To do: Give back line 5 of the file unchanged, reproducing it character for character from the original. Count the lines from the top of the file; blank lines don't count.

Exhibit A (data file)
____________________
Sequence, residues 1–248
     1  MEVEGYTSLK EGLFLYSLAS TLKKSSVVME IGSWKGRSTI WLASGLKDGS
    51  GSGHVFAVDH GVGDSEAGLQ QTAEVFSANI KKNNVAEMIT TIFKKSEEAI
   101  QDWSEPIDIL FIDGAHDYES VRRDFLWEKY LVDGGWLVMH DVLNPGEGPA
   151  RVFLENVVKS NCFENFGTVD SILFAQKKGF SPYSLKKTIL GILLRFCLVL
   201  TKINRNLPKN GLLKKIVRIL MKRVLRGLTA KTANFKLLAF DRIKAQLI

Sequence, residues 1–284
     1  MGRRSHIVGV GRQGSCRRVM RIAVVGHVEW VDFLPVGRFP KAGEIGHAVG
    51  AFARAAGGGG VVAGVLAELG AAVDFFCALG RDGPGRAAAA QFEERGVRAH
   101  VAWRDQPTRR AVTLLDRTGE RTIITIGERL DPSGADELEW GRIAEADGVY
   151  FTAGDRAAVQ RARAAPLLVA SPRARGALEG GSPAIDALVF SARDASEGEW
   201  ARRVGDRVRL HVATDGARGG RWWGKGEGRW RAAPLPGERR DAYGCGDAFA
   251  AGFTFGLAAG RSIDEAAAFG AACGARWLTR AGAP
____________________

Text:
   151  RVFLENVVKS NCFENFGTVD SILFAQKKGF SPYSLKKTIL GILLRFCLVL